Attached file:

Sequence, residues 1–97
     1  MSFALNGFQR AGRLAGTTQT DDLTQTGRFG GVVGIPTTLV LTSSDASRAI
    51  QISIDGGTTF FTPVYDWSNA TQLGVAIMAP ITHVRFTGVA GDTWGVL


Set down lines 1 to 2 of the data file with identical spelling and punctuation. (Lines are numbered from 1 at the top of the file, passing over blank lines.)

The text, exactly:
Sequence, residues 1–97
     1  MSFALNGFQR AGRLAGTTQT DDLTQTGRFG GVVGIPTTLV LTSSDASRAI